Marriages seem to be lasting long for Millennials, but there is one group calling it quits at a much larger rate than their younger peers -- the Baby Boomers. While divorce rates are falling for most people in New York, individuals who are at least 50 years old are filing at an increasingly high rate. This has a particularly significant effect on retirement for Boomers who are ready to end their marriages.
While divorcing couples usually agree that filing was the best decision, there is little denying the financial impact that the process can have. Many people choose to carefully plan their finances prior to filing. However, it is still possible to minimize the financial implications of a divorce even when the couple splitting up is over the age of 50.
Gray divorce -- or divorce involving couples who are nearing retirement -- brings with it a significant concern for retirement funds. Savings that were meant to care for two people might no longer be sufficient after being split, as each portion will have to support separate households. For some, this brings about an understandable fear of having to work past the age of retirement. This is especially true for women, who tend to take a larger financial hit than their male counterparts.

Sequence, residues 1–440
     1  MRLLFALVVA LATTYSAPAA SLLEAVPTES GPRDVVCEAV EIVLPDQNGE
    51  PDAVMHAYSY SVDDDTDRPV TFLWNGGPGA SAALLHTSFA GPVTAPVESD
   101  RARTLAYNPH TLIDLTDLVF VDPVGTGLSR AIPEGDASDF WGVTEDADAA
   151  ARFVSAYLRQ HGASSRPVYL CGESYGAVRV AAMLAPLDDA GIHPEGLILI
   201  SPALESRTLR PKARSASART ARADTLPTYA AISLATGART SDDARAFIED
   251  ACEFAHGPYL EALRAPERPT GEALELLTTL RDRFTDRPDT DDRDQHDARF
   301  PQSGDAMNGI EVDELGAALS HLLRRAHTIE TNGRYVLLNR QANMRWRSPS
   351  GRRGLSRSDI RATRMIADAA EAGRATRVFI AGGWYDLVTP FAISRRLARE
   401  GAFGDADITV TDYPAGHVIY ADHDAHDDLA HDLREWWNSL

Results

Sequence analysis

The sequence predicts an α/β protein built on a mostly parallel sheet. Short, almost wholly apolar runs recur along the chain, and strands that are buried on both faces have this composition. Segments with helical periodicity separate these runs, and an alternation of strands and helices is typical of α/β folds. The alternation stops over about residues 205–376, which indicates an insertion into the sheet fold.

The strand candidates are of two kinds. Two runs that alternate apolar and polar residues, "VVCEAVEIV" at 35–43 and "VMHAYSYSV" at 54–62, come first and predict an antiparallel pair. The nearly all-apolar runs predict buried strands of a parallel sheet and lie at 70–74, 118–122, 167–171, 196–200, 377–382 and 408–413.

Rather than delay divorce out of fear of the financial consequences, couples in New York can minimize the financial impact. Most people accomplish this by maintaining a careful focus on issues that most affect finances, including asset division and alimony. Keeping all related financial documents on hand throughout the process is usually also a good idea.
Source: Bloomberg, "Divorce Is Destroying Retirement", Ben Steverman, Oct. 17, 2016